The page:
A new way of using MRI scanners to look for evidence of multiple sclerosis in the brain has been successfully tested by researchers at The University of Nottingham and Nottingham University Hospitals NHS Trust.
Multiple sclerosis (MS) is a neurological condition which affects around 100,000 people in the UK. It is notoriously difficult to diagnose as it has many symptoms but not all sufferers experience all of them and the disease can progress at different rates. MRI scans have been used as a diagnostic tool to detect white matter lesions in the brain but these are not always an indicator of the disease.
Now a research team at Nottingham has found a way to use clinical MRI to distinguish between MS lesions and other brain white spots which are found in MS. The study is published in the Multiple Sclerosis Journal.
They have used a clinical MRI scanner of the type all neuroscience centres have to carry out a special type of scan called a T2-weighted imaging process which is able to reveal lesions in the brain’s white matter that are centred on a vein — a known indicator of MS.
Leading the work, Dr Nikos Evangelou, said: “We already knew that large research MRI scanners could detect the proportion of lesions with a vein in the brain’s white matter, but these scanners are not clinically available. So we wanted to find out whether a single brain scan in an NHS hospital scanner could also be effective in distinguishing between patients known to have MS and patients known to have non-MS brain lesions. We are excited to reveal that our results show that clinical application of this technique could supplement existing diagnostic methods for MS.”
A total of 40 patients were recruited from the neurology outpatients’ department of Nottingham University Hospitals NHS Trust. Initially a test cohort of 10 patients with MS and 10 patients with non-MS white brain matter lesions were scanned. Anonymised scans were analysed blinded to clinical data and simple diagnostic rules were devised. The same rules were applied to a validation cohort of 20 patients (13 with MS and 7 with other lesions) by a blinded observer.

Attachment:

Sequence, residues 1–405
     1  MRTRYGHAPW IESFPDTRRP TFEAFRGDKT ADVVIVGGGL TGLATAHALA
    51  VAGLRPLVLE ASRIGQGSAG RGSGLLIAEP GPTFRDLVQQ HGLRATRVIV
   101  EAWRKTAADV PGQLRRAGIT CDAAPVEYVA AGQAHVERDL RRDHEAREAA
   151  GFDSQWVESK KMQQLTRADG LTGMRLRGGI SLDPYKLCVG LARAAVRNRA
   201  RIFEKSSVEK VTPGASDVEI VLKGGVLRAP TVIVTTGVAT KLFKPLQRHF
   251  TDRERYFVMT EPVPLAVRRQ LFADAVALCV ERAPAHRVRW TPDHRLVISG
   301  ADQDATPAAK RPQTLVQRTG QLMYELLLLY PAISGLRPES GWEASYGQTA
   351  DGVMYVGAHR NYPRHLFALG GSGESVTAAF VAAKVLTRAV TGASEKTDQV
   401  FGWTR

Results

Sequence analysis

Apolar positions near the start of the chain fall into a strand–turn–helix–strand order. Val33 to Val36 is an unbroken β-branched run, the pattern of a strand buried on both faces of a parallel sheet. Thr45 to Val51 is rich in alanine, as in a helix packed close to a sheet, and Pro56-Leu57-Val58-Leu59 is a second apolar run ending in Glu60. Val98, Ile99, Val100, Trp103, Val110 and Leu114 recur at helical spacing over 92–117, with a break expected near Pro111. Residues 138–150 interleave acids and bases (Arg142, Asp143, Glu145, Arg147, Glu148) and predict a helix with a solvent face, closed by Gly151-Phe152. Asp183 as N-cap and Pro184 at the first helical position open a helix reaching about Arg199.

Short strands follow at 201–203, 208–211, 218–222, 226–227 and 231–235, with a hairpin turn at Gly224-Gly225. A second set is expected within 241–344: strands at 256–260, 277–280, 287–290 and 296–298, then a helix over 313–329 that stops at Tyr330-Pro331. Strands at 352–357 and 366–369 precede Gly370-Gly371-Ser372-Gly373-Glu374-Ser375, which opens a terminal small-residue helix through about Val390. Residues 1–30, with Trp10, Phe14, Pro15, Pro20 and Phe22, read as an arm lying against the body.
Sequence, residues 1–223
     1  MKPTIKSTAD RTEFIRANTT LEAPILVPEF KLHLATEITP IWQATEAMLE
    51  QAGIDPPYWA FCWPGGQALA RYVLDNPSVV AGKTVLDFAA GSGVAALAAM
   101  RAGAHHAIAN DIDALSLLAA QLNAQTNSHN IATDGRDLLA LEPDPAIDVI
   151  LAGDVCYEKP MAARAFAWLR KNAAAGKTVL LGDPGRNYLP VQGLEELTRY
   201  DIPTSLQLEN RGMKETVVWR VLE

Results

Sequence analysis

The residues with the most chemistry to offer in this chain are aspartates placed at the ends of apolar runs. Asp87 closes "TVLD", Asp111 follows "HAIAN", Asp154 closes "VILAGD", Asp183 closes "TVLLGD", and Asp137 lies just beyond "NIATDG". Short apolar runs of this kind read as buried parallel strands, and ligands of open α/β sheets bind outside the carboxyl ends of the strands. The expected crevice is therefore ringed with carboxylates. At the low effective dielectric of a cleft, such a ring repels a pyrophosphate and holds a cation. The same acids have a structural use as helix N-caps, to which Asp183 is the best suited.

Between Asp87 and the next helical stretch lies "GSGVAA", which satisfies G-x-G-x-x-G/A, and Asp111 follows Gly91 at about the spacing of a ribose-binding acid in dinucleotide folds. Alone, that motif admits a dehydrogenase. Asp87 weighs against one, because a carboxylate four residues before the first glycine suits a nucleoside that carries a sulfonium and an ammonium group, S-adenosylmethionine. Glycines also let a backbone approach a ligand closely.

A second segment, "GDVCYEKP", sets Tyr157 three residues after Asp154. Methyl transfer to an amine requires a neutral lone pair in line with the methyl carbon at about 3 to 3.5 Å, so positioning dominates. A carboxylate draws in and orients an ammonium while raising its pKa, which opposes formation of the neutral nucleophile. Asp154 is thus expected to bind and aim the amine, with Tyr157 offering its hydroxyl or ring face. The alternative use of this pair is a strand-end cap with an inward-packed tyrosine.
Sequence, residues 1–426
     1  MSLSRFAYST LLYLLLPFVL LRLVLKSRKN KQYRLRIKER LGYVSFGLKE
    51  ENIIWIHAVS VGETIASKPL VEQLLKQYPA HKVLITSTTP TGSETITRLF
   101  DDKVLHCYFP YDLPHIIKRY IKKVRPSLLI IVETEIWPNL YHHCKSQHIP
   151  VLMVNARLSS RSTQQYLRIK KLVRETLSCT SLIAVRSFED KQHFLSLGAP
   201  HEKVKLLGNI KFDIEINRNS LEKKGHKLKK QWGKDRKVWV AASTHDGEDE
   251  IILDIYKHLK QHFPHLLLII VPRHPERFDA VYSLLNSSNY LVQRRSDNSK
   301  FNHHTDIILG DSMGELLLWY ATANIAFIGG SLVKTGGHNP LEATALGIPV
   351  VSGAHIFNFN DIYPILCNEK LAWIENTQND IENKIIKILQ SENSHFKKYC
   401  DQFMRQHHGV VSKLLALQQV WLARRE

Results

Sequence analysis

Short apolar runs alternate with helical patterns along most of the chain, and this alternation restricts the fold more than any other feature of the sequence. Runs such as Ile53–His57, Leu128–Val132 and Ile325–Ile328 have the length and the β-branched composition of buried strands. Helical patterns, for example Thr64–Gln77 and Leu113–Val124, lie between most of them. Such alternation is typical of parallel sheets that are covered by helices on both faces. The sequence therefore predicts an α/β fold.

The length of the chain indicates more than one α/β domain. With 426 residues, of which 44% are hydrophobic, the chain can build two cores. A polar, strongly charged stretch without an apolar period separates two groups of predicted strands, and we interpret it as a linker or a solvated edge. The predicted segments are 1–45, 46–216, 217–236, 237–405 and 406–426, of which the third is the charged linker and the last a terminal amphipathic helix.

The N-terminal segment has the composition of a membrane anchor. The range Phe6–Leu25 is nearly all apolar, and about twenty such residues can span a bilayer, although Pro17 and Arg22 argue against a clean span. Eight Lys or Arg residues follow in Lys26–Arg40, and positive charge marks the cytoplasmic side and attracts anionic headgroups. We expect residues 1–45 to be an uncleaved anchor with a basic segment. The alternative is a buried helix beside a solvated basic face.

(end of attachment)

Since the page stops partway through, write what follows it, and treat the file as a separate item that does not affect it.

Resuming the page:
Within the test cohort, all patients with MS had central veins in more than 45 per cent of brain lesions, while the rest had central veins visible in less than 45 per cent of lesions. Then, by applying the same diagnostic rules to the second cohort, all the remaining patients were correctly categorised into MS or non-MS, by the blinded observer, taking less than two minutes per scan.
The new study is significant because currently among patients referred to MS treatment centres with suspected MS, fewer than 50 per cent are found to have it. This shows that diagnosing MS in a significant minority of cases can be challenging.
The Nottingham University team has now started a new study examining patients with real uncertainty about the diagnosis and aim to extend the study in other UK towns so more patients can participate in this important research. It is possible that in less than two years we will know if this new test is accurate as it appears to be. In that case, the way we will be diagnosing MS will probably be quicker and more reliable. The Nottingham team has already presented their data in the US and a similar US based study is planned based on the Nottingham results.
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Notes to editors: The University of Nottingham has 43,000 students and is ‘the nearest Britain has to a truly global university, with a “distinct” approach to internationalisation, which rests on those full-scale campuses in China and Malaysia, as well as a large presence in its home city.’ (Times Good University Guide 2016). It is also one of the most popular universities in the UK among graduate employers and the winner of ‘Outstanding Support for Early Career Researchers’ at the Times Higher Education Awards 2015. It is ranked in the world’s top 75 by the QS World University Rankings 2015/16, and 8th in the UK by research power according to the Research Excellence Framework 2014. It has been voted the world’s greenest campus for three years running, according to Greenmetrics Ranking of World Universities.
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